Book Image

Learn Amazon SageMaker

By : Julien Simon
Book Image

Learn Amazon SageMaker

By: Julien Simon

Overview of this book

Amazon SageMaker enables you to quickly build, train, and deploy machine learning (ML) models at scale, without managing any infrastructure. It helps you focus on the ML problem at hand and deploy high-quality models by removing the heavy lifting typically involved in each step of the ML process. This book is a comprehensive guide for data scientists and ML developers who want to learn the ins and outs of Amazon SageMaker. You’ll understand how to use various modules of SageMaker as a single toolset to solve the challenges faced in ML. As you progress, you’ll cover features such as AutoML, built-in algorithms and frameworks, and the option for writing your own code and algorithms to build ML models. Later, the book will show you how to integrate Amazon SageMaker with popular deep learning libraries such as TensorFlow and PyTorch to increase the capabilities of existing models. You’ll also learn to get the models to production faster with minimum effort and at a lower cost. Finally, you’ll explore how to use Amazon SageMaker Debugger to analyze, detect, and highlight problems to understand the current model state and improve model accuracy. By the end of this Amazon book, you’ll be able to use Amazon SageMaker on the full spectrum of ML workflows, from experimentation, training, and monitoring to scaling, deployment, and automation.
Table of Contents (19 chapters)
Section 1: Introduction to Amazon SageMaker
Section 2: Building and Training Models
Section 3: Diving Deeper on Training
Section 4: Managing Models in Production

Exploring the capabilities of Amazon SageMaker

Amazon SageMaker was launched at AWS re:Invent 2017. Since then, a lot of new features have been added: you can see the full (and ever-growing) list at

In this section, you'll learn about the main capabilities of Amazon SageMaker and their purpose. Don't worry, we'll dive deep on each of them in later chapters. We will also talk about the SageMaker Application Programming Interfaces (APIs), and the Software Development Kits (SDKs) that implement them.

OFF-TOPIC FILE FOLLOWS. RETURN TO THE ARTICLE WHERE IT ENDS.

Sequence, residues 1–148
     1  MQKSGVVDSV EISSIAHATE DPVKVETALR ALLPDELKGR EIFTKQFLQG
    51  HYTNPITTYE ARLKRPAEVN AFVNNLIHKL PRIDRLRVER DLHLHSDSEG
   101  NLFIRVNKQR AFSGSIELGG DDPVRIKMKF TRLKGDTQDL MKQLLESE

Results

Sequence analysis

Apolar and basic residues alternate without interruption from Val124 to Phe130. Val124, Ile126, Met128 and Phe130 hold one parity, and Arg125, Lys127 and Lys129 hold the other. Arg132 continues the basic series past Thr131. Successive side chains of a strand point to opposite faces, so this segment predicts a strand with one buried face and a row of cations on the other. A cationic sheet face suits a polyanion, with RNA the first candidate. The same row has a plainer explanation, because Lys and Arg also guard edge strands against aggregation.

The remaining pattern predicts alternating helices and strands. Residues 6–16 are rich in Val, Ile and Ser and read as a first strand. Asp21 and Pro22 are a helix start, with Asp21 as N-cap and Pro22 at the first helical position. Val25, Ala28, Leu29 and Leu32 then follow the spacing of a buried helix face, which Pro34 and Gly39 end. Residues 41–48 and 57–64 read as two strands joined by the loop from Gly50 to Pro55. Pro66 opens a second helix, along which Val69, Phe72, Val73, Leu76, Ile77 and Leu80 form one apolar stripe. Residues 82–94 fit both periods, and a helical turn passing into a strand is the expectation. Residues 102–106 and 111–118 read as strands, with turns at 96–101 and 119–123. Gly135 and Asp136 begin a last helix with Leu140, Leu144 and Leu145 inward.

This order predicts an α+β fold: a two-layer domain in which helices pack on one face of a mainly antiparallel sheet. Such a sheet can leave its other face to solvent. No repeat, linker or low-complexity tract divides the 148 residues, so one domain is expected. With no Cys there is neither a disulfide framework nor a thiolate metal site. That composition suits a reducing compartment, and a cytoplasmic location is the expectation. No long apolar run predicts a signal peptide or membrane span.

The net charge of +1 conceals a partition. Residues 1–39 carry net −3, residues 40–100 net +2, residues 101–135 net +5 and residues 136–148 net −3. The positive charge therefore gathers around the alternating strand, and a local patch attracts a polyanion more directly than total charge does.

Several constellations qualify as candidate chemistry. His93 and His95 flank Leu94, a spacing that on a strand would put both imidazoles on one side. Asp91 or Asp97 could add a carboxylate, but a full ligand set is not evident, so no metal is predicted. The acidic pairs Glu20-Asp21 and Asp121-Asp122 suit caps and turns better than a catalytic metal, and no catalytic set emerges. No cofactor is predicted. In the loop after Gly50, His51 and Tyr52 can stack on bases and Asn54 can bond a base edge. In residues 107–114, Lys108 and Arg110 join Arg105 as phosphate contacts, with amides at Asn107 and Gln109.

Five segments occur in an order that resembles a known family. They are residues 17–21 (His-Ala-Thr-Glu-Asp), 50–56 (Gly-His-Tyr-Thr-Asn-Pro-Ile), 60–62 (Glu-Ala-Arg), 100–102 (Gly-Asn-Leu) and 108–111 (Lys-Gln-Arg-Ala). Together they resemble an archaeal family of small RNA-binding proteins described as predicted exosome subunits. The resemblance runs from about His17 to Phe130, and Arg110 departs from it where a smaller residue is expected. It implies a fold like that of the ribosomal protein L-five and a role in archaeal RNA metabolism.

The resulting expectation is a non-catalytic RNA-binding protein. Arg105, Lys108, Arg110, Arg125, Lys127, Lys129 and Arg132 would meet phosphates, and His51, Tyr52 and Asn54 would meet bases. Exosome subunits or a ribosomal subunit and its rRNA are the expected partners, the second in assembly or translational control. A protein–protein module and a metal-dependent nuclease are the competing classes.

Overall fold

The main capabilities of Amazon SageMaker

At the core of Amazon SageMaker is the ability to build, train, optimize, and deploy models on fully managed infrastructure, and at any scale. This lets you focus on studying and solving the ML problem at hand, instead of spending time and resources on building and managing infrastructure. Simply put, you can go from building to training to deploying more quickly. Let's zoom in on each step and highlight relevant SageMaker capabilities.


Amazon SageMaker provides you with two development environments:

  • Notebook instances: Fully managed Amazon EC2 instances that come preinstalled with the most popular tools and libraries: Jupyter, Anaconda, and so on.
  • Amazon SageMaker Studio: A full-fledged integrated development environment for ML projects.

When it comes to experimenting with algorithms, you can choose from the following:

  • A collection of 17 built-in algorithms for ML and deep learning, already implemented and optimized to run efficiently on AWS. No ML code to write!
  • A collection of built-in open source frameworks (TensorFlow, PyTorch, Apache MXNet, scikit-learn, and more), where you simply bring your own code.
  • Your own code running in your own container: custom Python, R, C++, Java, and so on.
  • Algorithms and pretrained models from AWS Marketplace for ML (

In addition, Amazon SageMaker Autopilot uses AutoML to automatically build, train, and optimize models without the need to write a single line of ML code.

Amazon SageMaker also includes two major capabilities that help with building and preparing datasets:

  • Amazon SageMaker Ground Truth: Annotate datasets at any scale. Workflows for popular use cases are built in (image detection, entity extraction, and more), and you can implement your own. Annotation jobs can be distributed to workers that belong to private, third-party, or public workforces.
  • Amazon SageMaker Processing: Run data processing and model evaluation batch jobs, using either scikit-learn or Spark.


As mentioned earlier, Amazon SageMaker takes care of provisioning and managing your training infrastructure. You'll never spend any time managing servers, and you'll be able to focus on ML. On top of this, SageMaker brings advanced capabilities such as the following:

  • Managed storage using either Amazon S3, Amazon EFS, or Amazon FSx for Lustre depending on your performance requirements.